Nor is petitioner’s expressed intent to return to respondent’s district sufficient to establish residency on this record. The record reflects that petitioner and the student have resided at the out-of-district address since October 2018. Nevertheless, petitioner maintains that he and the student intend to move into a trailer at the in-district property “immediately.” In support of this claim, petitioner states that his “attorney met with the Town [of Huntington’s] Building Department to discuss having a trailer put in”; that he “had the Suffolk County Water Authority turn the water on ... in anticipation of connecting it to [a] trailer”; and that he is “in contact with the electric company to establish the hookup there as well.” Petitioner further describes a number of setbacks that he has faced in constructing a home since purchasing the in-district property in May 2017, including difficulties obtaining a land survey and construction permits, discovery of a previously unknown covenant affecting the property, and a jurisdictional dispute between the Town of Huntington’s Planning Board and Zoning Board of Appeals.
Petitioner has produced no proof of any of these assertions, such as evidence that he has secured and installed a trailer at the in-district property, or copies of any communications with his attorney, the Building Department, the Town Planning Board or the Zoning Board of Appeals. It is well-established that a claimed intent to return to a district is insufficient to establish residency, absent evidence of substantial progress toward meeting that objective or, at the very least, a concrete and realistic plan for doing so (Appeal of Cabrera, 54 Ed Dept Rep, Decision No. 16,645; Appeal of Schmitt, 49 id. 271, Decision No. 16,022; Appeal of J.V., 44 id. 421, Decision No. 15,218). Although petitioner may intend to return to the district, respondent cannot be expected to allow the student to continue attending its schools indefinitely based on such intent (Appeal of L.T., 56 Ed Dept Rep, Decision No. 17,047; Appeal of Weisberg, 39 id. 737, Decision No. 14,365, petition to review dismissed, Weisberg v. Mills, et al., Sup. Ct., Albany Co., Special Term [Malone, J.], November 27, 2000, n.o.r.). Therefore, on this record, given the length of time that petitioner and the student have resided at the out-of-district residence and petitioner’s failure to submit proof of a concrete plan to return to the in-district property, I cannot conclude that petitioner is temporarily absent from respondent’s district (Appeal of Tunison, 58 Ed Dept Rep, Decision No. 17,472; Appeal of Cabrera, 54 id., Decision No. 16,645; compare Appeal of Berliner, 38 id. 181, Decision No. 14,010 [finding temporary absence where the petitioner had been living outside of the respondent’s district “for approximately 14 months,” after initially “attempt(ing) to live” at his in-district property during construction, leasing a trailer and having it “installed with appropriate utility services,” and then discovering that “the trailer violated the town’s building code”]).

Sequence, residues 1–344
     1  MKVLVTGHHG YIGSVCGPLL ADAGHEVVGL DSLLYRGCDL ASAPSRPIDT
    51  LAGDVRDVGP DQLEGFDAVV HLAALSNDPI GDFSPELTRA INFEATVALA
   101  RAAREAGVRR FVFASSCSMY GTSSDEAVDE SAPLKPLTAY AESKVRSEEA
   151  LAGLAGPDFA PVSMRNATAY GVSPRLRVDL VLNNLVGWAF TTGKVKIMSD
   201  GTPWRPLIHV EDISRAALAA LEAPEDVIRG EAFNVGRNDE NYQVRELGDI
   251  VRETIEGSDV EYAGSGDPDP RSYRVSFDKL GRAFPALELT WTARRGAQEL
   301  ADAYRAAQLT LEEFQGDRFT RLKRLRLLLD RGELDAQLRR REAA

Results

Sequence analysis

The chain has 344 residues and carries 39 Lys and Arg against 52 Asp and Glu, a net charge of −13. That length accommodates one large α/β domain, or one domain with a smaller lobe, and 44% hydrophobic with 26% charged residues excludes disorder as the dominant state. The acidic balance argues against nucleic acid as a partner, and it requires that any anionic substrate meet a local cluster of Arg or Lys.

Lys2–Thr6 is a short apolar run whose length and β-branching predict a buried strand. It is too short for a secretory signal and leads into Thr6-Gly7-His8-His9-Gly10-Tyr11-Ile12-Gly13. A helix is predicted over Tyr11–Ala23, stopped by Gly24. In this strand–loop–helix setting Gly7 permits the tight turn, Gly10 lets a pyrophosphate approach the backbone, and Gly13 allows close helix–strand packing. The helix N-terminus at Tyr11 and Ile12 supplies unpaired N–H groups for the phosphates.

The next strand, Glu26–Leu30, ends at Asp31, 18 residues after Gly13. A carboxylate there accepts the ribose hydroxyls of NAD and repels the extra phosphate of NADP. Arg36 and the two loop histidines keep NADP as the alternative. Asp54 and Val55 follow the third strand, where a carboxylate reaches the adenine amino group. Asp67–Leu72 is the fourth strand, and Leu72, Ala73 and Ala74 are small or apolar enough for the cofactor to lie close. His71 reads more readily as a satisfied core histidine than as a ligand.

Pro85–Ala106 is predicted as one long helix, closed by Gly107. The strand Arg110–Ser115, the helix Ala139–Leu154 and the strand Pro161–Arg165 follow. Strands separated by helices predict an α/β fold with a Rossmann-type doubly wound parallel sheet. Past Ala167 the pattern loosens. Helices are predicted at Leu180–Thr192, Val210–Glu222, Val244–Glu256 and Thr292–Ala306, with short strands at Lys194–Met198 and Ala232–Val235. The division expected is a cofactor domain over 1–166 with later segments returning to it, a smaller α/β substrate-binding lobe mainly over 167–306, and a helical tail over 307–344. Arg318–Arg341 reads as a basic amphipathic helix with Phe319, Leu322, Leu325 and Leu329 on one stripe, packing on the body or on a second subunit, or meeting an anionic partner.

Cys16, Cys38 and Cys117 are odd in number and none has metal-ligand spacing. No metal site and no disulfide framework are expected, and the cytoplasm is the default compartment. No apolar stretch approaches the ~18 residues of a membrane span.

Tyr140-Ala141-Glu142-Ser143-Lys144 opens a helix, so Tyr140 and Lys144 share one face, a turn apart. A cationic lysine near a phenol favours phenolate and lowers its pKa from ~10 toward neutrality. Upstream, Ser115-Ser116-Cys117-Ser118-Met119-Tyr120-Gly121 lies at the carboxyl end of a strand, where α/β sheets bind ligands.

Although the appeal must be dismissed for the reasons described above, I note that petitioner retains the right to reapply for admission to respondent’s schools on the student’s behalf at any time, should circumstances change, and to present any information for respondent’s consideration.
THE APPEAL IS DISMISSED.
END OF FILE
 Petitioner also seeks a determination “in the alternative” that the student be permitted to attend respondent’s district “with the payment of tuition ... and not requiring that [he] live in a trailer” at the in-district address. Moreover, petitioner requests identical relief on behalf of his daughter, whom he indicates “will be turning five years old [on] September 2, 2019.” Petitioner requests such relief for the first time on appeal, as there is no indication in the record that petitioner previously sought either to enroll the student as a non-resident pursuant to respondent’s policy 5152 or to enroll his daughter in respondents district. Likewise, there is no evidence that respondent has rendered any determination with respect to the student’s entitlement to enroll as a non-resident or the enrollment of petitioner’s daughter. An appeal pursuant to Education Law §310 is appellate in nature, and the Commissioner will not render an advisory opinion on an issue before it becomes justiciable (Appeal of V.N., 59 Ed Dept Rep, Decision No. 17,742; Appeal of B.R. and M.R., 48 id. 291, Decision No. 15,861). Thus, any claims concerning the student’s enrollment as a non-resident or the enrollment of petitioner’s daughter are premature and cannot be addressed in this proceeding (see Appeal of a Student with a Disability, 56 Ed Dept Rep, Decision No. 17,025).